Faith is the complete antithesis of this, and fundamentalist or progressive doesn’t make much difference to me.
    Any Christian still lends authority to this insanity, which instead ought to be ridiculed.
    If fundies aren’t considered for the wackos they are, it’s because of the holy and the sacred that so many subscribe to.

    Now, on the global scale, I do not know how much the idea of Faith damages our ability to see, acknowledge and correct our own cognitive mistakes, so I am not sure it is my battle.
    But I have no doubt that Faith is an enemy.

    (And BTW, I think you can drop Faith, be rational and still believe in the supernatural, gods included.)

    Still, I’d much rather engage with thinking Christians, that are part of the problem and more numerous, than with the raving godbots.
    Burn the grass around the fundies, and they will weaken.
    Cut the undeserved respect and authority that faithful thinking has, and they will wither.

  36. Flawed

    Reposting here due to Threading Fail. =(
    ———————————-

    Actually, I do not live in the US and religion doesn’t touch me much on a personal level.
    And I am no activist, for now, and it is entirely possible that I take part in discussions such as this for pure entertainment and intellectual stimulation.

    I do believe however that The Root Of Most Evil (TM) is the inability of us humans to see when we may be wrong.
    We desperately need certainties and we can’t accept that often times we are wrong and that there is nothing bad with it.
    I want humans to learn about the pitfalls of our understanding, to learn not to trust too much our ideas, and to look honestly and bravely in the mirror.

    Faith is the complete antithesis of this, and fundamentalist or progressive doesn’t make much difference to me.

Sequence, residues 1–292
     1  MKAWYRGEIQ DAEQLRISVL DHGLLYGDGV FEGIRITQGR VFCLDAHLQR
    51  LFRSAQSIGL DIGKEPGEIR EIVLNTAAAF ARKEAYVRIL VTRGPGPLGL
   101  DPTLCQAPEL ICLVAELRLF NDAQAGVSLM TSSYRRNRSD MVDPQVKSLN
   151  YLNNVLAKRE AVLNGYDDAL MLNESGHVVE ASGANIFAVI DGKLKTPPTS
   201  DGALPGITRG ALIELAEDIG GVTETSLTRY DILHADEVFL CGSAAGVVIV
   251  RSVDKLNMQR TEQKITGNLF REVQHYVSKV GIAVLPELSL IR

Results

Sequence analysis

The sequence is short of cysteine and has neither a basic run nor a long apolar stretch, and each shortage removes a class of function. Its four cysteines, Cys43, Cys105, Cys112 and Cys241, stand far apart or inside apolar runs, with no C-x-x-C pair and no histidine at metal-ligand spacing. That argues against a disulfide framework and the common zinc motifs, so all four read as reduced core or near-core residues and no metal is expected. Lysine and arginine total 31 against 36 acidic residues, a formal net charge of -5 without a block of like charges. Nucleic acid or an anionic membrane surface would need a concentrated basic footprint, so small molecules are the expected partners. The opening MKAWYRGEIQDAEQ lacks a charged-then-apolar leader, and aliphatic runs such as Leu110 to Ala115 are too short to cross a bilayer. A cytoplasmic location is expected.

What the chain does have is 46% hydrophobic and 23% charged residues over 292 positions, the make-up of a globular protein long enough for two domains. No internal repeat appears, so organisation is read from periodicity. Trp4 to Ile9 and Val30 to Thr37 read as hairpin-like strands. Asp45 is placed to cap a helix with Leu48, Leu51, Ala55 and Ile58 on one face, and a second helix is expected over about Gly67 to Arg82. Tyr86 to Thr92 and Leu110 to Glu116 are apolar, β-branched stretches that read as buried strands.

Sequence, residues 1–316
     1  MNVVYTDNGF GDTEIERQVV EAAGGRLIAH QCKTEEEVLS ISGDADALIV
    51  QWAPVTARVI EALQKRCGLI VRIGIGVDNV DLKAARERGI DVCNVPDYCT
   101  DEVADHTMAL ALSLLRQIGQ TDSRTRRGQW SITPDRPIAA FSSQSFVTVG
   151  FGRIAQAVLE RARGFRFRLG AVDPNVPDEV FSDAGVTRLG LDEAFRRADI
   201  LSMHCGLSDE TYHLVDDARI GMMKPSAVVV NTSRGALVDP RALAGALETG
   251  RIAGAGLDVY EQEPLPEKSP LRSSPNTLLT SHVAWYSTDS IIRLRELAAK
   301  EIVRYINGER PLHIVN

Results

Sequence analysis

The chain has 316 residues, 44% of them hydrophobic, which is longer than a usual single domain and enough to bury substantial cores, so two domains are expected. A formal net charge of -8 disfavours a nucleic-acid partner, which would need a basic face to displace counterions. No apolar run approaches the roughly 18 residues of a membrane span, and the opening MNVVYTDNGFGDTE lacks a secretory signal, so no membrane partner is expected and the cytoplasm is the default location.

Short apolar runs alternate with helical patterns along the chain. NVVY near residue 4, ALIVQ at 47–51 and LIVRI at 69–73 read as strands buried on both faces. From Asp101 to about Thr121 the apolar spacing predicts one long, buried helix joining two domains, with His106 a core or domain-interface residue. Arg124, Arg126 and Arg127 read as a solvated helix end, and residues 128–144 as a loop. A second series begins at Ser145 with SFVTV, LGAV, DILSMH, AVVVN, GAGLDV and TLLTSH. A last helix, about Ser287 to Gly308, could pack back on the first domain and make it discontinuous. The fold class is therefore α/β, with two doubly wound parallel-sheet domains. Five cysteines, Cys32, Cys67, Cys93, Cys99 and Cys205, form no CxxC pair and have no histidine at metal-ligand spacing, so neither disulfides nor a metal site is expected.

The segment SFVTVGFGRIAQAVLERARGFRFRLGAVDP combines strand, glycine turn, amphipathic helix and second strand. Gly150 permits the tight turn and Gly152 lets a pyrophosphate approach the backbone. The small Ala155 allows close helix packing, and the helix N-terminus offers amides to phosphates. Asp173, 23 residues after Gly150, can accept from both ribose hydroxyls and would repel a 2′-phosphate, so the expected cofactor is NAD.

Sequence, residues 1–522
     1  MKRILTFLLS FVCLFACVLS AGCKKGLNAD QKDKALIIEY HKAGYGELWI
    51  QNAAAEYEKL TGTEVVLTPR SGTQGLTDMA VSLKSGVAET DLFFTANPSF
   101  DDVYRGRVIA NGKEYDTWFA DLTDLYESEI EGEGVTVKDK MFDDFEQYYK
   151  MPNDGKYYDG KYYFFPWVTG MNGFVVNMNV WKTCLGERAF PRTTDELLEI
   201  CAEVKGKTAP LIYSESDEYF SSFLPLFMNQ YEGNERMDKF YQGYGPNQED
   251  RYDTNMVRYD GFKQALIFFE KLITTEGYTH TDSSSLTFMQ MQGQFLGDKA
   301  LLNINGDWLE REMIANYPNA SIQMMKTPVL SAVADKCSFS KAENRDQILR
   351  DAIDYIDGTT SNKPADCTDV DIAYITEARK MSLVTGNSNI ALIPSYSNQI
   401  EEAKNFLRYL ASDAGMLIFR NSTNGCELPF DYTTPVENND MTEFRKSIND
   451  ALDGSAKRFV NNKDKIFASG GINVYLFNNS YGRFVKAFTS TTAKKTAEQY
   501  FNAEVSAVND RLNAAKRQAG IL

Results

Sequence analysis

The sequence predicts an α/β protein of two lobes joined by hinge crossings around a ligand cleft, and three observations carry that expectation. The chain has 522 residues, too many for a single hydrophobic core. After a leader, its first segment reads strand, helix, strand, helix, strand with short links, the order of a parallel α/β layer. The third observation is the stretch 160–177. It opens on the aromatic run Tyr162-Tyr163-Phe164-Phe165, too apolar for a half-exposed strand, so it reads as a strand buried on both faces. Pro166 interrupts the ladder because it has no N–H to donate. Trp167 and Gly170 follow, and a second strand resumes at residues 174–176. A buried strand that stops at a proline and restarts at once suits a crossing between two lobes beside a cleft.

Any Christian still lends authority to this insanity, which instead ought to be ridiculed.
    If fundies aren’t considered for the wackos they are, it’s because they are supported by the holy and the sacred that so many subscribe to.

    Now, on the global scale, I do not know how much the idea of Faith damages our ability to see, acknowledge and correct our own cognitive mistakes, so I am not sure it is my battle.
    But I have no doubt that Faith is an enemy.

    (And BTW, I think you can drop Faith, be rational and still believe in the supernatural, gods included.)

    Still, I’d much rather engage with thinking Christians, that are part of the problem and more numerous, than with the raving godbots.
    Burn the grass around the fundies, and they will weaken.
    Cut the undeserved respect and authority that faithful thinking has, and they will wither.

  37. Julie

    “How Fundamentalists Is Winning The War and Is Hurting Christianity”.

    I corrected the title for you.

    Fundamentalism will fail.

    Good is greater than evil.

    When you title with the lie: “How Fundamentalists Won the War and So Killed Christianity”, you are implying THE LIE that evil is greater than good & evil one….which as we ALL KNOW IS BOGUS!